I have a lot of source members that I keep in my personal library, and I often get impatient waiting for the member list to load in RDi. I was pleasantly surprised to see that the member browser in ILEditor loads considerably faster.

There is also a “hidden” feature where you can press Ctrl-P to search the list of recent members that you listed in the member browser. Just press Ctrl-P and start typing, and it’ll show the members that match the search string. This was a very convenient way to find members.

Once you’ve found the member (in either the regular member browser or the “search recent” dialog), you can double-click on the member name to open it.

Create or Open a Member Without Browsing

In the upper-left of the ILEditor window, there is a File menu that works like the file menus found in most other Windows programs. You can click File/New to create a new member or IFS file or File/Open to open an existing member or IFS file when you know the name and therefore don’t need to browse for it.

The File Menu also offers keyboard shortcuts to save time. You can press Ctrl-O for Open, or Ctrl-N for New to bypass the menu.

One thing that I found a little unusual is that you must specify the source type when you open an existing member. I expected this when creating a new member, since the system doesn’t know what it is. But when opening an existing member, I expected it to default to the source type of the member so that you don’t have to specify it every time. I discovered that if you do not specify the type, it will default to plain text. I spoke to Liam about this, and he assured me that this is something he plans to improve in the future. Thankfully, this is not the case when using the member browser. It only happens when opening the member directly.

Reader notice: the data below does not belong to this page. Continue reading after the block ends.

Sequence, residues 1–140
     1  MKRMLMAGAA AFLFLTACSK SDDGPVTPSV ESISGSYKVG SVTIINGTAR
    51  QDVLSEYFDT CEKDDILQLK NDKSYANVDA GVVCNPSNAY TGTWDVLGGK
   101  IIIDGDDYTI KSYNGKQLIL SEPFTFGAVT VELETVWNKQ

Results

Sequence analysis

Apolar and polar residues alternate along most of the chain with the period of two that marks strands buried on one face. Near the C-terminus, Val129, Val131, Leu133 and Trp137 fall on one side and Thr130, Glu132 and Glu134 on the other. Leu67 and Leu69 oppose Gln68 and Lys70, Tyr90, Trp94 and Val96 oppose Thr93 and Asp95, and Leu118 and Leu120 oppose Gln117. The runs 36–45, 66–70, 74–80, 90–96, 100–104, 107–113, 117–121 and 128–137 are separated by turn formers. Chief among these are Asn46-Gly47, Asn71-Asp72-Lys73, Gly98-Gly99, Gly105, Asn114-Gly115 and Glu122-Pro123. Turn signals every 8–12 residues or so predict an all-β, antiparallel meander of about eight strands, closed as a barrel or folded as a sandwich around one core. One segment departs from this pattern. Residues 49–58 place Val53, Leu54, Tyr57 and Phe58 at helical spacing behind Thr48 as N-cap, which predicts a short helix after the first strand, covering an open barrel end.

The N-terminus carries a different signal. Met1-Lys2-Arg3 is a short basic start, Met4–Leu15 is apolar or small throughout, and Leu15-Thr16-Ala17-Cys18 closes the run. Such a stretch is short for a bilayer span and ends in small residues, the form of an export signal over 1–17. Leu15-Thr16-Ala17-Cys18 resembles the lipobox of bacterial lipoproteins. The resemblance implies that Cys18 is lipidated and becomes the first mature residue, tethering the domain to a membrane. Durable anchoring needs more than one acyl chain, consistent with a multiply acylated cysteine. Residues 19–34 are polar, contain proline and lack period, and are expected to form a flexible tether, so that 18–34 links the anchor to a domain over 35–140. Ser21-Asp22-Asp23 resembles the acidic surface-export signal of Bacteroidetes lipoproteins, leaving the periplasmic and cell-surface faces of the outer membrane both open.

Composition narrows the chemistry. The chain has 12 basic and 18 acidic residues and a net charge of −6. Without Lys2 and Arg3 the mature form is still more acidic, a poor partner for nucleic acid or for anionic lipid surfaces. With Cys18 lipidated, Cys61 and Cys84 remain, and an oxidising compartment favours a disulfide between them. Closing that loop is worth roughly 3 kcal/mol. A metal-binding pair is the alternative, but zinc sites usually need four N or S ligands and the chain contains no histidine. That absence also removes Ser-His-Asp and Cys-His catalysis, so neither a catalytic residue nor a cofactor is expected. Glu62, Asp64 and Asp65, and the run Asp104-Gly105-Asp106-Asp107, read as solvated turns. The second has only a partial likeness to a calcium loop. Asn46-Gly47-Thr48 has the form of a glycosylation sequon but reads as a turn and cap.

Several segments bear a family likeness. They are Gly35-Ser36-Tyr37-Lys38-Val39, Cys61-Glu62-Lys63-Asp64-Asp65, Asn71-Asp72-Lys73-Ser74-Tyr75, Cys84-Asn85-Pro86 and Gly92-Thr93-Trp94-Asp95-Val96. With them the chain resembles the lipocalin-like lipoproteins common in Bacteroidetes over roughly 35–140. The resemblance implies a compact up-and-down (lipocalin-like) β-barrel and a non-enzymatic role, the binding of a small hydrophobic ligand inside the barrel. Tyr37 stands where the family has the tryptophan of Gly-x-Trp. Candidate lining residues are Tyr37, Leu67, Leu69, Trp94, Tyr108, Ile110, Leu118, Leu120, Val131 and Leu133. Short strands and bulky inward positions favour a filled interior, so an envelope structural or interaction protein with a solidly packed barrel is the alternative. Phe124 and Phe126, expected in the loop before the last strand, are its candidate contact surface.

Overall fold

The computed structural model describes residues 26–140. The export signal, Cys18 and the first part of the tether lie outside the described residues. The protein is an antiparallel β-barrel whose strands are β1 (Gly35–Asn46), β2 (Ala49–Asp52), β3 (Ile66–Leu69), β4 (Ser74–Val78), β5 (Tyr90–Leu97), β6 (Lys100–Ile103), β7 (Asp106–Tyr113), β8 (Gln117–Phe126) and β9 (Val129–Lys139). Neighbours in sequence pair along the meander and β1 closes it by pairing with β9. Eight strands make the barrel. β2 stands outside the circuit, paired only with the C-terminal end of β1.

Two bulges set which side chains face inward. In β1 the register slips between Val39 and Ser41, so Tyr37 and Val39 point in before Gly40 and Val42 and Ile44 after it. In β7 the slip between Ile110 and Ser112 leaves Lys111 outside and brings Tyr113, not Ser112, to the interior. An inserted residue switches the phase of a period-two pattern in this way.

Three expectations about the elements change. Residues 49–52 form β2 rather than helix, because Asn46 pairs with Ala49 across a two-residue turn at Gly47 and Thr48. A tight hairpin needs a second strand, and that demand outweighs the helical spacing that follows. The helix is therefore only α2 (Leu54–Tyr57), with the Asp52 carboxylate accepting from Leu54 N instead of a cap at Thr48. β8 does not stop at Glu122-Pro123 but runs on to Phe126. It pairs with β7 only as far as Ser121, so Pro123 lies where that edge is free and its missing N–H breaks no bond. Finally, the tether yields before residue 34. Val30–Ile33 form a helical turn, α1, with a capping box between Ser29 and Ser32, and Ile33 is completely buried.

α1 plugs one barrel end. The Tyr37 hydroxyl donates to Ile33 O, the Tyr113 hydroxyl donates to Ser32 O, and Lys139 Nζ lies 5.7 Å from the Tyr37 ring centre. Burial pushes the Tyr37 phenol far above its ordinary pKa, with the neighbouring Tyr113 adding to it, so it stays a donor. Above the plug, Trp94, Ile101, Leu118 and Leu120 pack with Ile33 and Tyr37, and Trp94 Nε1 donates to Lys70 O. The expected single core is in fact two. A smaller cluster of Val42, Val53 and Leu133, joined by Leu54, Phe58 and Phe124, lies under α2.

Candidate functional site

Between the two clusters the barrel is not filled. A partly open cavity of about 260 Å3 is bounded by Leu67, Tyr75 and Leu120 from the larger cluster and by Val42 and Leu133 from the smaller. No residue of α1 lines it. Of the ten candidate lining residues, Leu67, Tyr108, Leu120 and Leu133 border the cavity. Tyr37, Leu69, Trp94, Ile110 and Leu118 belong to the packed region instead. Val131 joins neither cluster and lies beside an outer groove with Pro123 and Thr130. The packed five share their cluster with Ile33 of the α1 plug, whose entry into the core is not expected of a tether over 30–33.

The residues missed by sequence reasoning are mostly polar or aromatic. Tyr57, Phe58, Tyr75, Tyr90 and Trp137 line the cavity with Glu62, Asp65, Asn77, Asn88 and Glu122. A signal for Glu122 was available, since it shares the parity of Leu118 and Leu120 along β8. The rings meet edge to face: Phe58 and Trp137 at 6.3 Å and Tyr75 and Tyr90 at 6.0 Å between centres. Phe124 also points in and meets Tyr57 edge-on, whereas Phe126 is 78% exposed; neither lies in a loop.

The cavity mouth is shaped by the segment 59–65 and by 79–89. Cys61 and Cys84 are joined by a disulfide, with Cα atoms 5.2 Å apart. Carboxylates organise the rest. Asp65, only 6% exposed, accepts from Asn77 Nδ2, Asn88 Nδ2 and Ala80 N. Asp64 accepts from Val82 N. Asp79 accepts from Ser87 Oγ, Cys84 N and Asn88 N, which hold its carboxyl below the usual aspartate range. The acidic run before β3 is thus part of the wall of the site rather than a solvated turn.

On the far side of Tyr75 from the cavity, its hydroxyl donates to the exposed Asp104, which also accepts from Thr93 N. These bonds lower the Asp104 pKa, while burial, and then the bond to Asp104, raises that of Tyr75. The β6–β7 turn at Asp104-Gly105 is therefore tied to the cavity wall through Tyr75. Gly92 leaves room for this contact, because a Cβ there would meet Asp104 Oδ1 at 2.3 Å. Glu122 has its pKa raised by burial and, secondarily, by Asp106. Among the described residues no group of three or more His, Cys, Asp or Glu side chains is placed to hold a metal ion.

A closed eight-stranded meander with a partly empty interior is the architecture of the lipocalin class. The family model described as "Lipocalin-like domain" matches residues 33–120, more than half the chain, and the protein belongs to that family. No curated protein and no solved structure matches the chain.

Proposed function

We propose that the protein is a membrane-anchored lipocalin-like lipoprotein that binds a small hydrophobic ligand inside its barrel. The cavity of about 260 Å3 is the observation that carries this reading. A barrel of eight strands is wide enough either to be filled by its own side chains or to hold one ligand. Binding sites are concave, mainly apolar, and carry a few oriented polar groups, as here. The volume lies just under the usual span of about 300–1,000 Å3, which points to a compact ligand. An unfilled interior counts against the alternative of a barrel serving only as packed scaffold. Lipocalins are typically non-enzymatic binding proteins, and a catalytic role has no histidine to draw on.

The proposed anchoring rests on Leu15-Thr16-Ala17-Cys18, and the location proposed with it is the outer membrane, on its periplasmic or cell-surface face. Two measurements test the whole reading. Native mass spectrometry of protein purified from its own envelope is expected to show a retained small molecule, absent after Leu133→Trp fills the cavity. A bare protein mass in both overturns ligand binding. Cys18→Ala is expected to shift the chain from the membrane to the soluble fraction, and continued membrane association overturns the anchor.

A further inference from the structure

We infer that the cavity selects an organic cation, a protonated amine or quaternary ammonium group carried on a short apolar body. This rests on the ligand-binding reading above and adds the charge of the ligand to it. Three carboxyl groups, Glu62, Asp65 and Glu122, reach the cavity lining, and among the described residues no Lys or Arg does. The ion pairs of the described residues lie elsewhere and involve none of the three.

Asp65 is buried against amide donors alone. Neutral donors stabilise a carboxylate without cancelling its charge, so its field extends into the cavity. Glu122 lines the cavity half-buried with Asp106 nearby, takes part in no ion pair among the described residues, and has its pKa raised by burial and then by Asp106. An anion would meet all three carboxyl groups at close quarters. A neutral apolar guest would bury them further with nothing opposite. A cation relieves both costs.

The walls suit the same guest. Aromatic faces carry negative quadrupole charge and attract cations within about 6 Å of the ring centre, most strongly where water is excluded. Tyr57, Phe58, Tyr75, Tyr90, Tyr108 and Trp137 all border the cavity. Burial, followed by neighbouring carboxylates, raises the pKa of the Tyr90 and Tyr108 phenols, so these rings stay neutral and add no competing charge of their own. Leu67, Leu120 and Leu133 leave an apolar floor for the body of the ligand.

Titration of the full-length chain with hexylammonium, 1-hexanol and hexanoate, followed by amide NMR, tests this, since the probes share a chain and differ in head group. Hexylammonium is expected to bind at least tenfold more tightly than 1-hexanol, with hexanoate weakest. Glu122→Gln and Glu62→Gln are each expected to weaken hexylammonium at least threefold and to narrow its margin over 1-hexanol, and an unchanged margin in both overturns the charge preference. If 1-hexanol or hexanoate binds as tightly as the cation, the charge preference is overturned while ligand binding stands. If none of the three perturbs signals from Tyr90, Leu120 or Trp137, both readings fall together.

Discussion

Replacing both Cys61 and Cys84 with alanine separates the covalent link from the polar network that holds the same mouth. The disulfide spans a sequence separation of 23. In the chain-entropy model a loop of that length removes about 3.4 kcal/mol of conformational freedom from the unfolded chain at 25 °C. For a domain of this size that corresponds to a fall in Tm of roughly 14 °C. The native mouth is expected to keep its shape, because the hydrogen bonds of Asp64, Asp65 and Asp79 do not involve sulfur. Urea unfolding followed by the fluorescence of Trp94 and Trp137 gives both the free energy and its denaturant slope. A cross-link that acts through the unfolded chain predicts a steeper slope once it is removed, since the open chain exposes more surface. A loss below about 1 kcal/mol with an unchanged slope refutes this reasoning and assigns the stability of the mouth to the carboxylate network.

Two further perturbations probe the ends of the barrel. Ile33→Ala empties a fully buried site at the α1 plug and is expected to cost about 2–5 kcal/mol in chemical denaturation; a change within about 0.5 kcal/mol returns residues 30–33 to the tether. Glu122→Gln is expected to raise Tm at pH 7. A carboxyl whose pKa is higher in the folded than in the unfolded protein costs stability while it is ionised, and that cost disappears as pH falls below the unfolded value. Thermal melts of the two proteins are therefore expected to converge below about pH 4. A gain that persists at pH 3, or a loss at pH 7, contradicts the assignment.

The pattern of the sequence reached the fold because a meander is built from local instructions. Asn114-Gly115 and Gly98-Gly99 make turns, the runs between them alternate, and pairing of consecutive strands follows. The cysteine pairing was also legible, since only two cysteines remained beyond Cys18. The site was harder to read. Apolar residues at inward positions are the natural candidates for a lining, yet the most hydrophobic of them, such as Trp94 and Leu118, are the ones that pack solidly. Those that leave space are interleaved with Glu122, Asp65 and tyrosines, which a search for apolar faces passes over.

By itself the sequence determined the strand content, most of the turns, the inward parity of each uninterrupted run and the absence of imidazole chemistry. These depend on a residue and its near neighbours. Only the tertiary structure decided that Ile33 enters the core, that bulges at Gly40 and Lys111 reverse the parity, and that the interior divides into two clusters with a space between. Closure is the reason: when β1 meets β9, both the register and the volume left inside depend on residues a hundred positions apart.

Working with IFS Files

The IFS Browser can be used to browse the IFS on your IBM i and find the source code that you’d like to open. It will begin browsing the IFS in the directory that you’ve specified in the IFS tab in your connection settings. Any subdirectories found beneath that starting directory can be expanded as well to see the files inside of it.

Like the member browser, double-clicking on an IFS file will open it in the editor.

The File menu also has options for creating a new IFS file or opening an existing IFS file when you know the exact path name. In that case, you do have to type the entire IFS path. There is no option to browse folders as you’d find in the open dialogs of other Windows software. That didn’t seem like a problem to me. If I wanted to see the folders, I’d use the IFS browser instead.

The Source Editor

I found the editor to be very intuitive, since it works the same as you’d expect from a PC file editor. It provides syntax highlighting and an outline view that make the source code very easy to read. In the screenshot below, I’m using “dark mode”, so you’ll see that my source code has a black background.

 

Syntax highlighting worked very nicely in free format RPG, CL and C/C++ code, including code that used the embedded SQL preprocessor.